Candice with Fijian field researchers, coordinating Cash Transfer Programming research.

Having returned from deployment in Vanuatu, Candice is preparing for the next step in her humanitarian journey: a role in consultancy with a focus on Disaster Preparedness throughout Asia and the Pacific. It’s an international role, and a world of opportunity that comes from Candice’s time in the Master of Humanitarian Assistance. Although she’s currently preparing to work throughout Asia and the Pacific, the story starts in Finland.

“I completed an undergraduate degree in International Studies—which included a bilateral exchange to Finland for six months of the degree—where I was first exposed to the aid sector

“International Studies is a broad degree that exposes you to a wide variety of perspectives. I came out wondering how I could apply those ideas professionally.

“I wanted something more focused.

For Candice, practicality was important.

“We’ve all experienced lots of theory. When you’re looking at a pure theory course, I find it hard to imagine that after a year and a half of reading papers that you’d be ready to start work in the humanitarian sector.”

It wasn’t enough to learn about humanitarian action from the sidelines; Candice wanted to get involved and actively improve it. Beyond strong theoretical knowledge, she needed the skills to be sector-ready and the connections to access and unlock the right opportunities.

Practical learning with leading practitioners.

“I didn’t want to go from a broad undergrad to a broad master, and I didn’t.

“I didn’t just do assignments, or complete standard coursework or a syllabus. I was learning from my classmates, the lecturers. The direct learning with practitioners—dealing with people in the sector—was invaluable.”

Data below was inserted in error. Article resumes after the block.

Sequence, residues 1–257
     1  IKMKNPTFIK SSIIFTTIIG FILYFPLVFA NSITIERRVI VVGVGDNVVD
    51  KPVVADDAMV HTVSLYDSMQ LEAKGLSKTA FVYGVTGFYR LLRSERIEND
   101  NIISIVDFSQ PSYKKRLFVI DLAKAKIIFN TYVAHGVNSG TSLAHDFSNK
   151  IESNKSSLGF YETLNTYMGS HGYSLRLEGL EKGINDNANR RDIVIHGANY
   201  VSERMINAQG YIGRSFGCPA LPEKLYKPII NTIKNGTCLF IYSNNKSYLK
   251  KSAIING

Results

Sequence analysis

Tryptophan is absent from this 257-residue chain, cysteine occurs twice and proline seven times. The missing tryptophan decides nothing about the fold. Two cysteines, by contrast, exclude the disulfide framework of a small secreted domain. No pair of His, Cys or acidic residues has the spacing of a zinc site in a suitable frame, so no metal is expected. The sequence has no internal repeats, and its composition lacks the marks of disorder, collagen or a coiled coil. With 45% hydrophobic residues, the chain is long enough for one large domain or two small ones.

One thing that really drew me in was the background of the lecturers. They were still working in the humanitarian sector, they had connections. There was clear expertise on offer.

“From that perspective, the networking alone has been fantastic. I came out of my experience with important connections. I worked in group assignments with people who were working in the sector, and those networks have opened a lot of doors as I move further in my career.

The view from Candice’s work desk on deployment.

“I got an internship during my time in the Master of Humanitarian Assistance—there was an opportunity that came up for master’s students. Getting that opportunity really opened the rest of the doors for me.”

Strong theory backed by sector-ready skills.

For Candice, having a practical backbone underpinning her theoretical knowledge meant less pressure when the call came to enter the sector.

When you start doing internships you’ve already participated in simulations, you’ve had interactions with working humanitarians.

“I was prepared with the right foundation of experience and knowledge, because I had already tested my skills in comparable simulations.

“Things constantly evolve in the sector, but I have the experience to embrace that and handle it accordingly. You’re ready to learn at a rapid pace and jump into any challenge.

“For me, it wasn’t a case of finishing an accreditation and saying – ok, now I have a master’s qualification in this – because that doesn’t necessarily mean you’re applying the skills and insights you learned from that experience professionally.

“I can refer to myself as a practising humanitarian now, because I work in multiple different areas, and I’ve got the skills to keep learning and growing as a professional.”